We can all appreciate that argument, however if Kerio had some command-line utilities available to do these very common administrative tasks, people wouldn't have to hack their own solutions.

I've never encountered an office where the users aren't mostly brain-dead when it comes to properly maintaining their mailboxes. Sysadmins HAVE to have the ability to do things like archive/delete email that is more than "X" days old, move mail around, etc. Since Kerio doesn't offer anything like that (that I can find), we have to hack around.

Today, for example, I had to archive some executive's email (anything over a year old - 1.2GB worth) offline. Using IMAP and a mail client to move that kind of volume is unreasonable. So, yes, due to a lack of Kerio tools to do this, I had to do a find/move at the command line, reindex, remove status.usr.

Expecting the end-user to manage their own email and not go over-quota requiring sysadmin intervention is unrealistic.

Just my thoughts.
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freakinvibe

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Since the original post was written (December 2006), Kerio has at least introduced automatic recycle bin and junk deletion. In the operations log you can see what has been deleted.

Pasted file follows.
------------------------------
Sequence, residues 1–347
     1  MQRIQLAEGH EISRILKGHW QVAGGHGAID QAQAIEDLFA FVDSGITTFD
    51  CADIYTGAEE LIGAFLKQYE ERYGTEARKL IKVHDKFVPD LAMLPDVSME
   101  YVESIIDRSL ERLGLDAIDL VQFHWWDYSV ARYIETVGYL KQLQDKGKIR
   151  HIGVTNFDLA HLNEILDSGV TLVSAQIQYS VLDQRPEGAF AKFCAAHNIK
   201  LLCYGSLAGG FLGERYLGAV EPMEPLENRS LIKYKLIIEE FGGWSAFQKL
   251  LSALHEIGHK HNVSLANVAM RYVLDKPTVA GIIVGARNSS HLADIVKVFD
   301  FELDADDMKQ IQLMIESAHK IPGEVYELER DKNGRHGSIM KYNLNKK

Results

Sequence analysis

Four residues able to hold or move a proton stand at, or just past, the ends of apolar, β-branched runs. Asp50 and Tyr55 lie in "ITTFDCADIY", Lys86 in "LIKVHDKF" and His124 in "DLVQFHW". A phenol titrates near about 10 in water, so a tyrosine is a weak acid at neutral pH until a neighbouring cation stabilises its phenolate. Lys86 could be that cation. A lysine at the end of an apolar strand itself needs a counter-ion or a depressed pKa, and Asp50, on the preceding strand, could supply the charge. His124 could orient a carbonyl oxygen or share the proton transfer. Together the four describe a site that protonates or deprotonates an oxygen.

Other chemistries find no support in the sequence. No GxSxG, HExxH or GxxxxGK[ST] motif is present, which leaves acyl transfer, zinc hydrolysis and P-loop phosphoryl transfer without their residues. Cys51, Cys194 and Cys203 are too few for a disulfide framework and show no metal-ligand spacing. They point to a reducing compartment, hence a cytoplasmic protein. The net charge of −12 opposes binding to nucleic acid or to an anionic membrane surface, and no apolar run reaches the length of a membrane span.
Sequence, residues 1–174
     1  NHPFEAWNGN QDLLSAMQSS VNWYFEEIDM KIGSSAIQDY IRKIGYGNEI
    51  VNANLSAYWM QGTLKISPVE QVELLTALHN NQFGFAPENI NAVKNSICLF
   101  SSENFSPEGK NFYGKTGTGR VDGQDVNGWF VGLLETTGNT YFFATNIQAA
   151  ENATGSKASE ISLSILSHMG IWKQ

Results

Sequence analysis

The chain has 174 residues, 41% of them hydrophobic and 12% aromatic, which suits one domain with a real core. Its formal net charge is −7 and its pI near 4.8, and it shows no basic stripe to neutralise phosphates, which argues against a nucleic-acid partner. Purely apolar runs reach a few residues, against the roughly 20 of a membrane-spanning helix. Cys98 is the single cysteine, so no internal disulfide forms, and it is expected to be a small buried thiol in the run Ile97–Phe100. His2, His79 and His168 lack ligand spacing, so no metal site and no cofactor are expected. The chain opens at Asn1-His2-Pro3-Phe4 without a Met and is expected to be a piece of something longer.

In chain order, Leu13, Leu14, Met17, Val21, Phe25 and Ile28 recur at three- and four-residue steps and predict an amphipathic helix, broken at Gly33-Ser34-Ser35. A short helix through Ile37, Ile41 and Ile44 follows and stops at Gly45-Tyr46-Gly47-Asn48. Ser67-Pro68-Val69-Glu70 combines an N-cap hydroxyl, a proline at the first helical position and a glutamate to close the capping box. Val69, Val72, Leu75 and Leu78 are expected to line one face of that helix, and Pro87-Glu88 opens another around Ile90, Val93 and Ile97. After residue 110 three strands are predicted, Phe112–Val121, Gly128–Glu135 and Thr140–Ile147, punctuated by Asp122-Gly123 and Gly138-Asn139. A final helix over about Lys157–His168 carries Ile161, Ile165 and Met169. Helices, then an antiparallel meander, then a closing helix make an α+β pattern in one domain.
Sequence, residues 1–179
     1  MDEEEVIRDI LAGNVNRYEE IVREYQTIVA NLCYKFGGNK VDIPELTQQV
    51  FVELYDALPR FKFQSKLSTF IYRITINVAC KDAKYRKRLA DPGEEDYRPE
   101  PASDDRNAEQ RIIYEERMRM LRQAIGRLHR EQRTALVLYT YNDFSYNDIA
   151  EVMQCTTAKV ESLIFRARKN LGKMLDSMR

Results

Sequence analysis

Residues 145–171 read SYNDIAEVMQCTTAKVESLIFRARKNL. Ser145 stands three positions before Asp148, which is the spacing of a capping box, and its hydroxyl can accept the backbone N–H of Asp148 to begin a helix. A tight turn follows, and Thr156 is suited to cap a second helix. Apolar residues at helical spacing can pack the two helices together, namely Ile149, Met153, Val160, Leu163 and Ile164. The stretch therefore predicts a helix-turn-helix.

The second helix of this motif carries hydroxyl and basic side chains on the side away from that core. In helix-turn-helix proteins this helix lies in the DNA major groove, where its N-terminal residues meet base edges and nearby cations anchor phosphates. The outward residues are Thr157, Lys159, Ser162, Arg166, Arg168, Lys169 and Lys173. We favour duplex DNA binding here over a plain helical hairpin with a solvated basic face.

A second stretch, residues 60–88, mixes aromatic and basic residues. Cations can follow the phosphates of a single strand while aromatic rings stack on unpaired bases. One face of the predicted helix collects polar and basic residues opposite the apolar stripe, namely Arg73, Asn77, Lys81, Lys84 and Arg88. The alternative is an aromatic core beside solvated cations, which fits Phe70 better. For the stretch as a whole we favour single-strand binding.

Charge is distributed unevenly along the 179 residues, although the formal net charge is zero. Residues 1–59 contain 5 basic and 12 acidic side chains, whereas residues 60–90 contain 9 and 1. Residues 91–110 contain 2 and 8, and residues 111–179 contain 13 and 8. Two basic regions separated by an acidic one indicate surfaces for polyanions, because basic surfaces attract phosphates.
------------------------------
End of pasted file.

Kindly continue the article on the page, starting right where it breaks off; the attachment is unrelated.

Dexion AG - The Blackberry Specialists in Switzerland
https://dexionag.ch
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geebee75

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freakinvibe wrote on Thu, 31 December 2009 08:19
Since the original post was written (December 2006), Kerio has at least introduced automatic recycle bin and junk deletion. In the operations log you can see what has been deleted.


Which is good, IF the end-user has the brains enough to actually use their Delete key. A lot don't. They just leave everything - spam included - in their inboxes. (Sales people are famous for this). Smile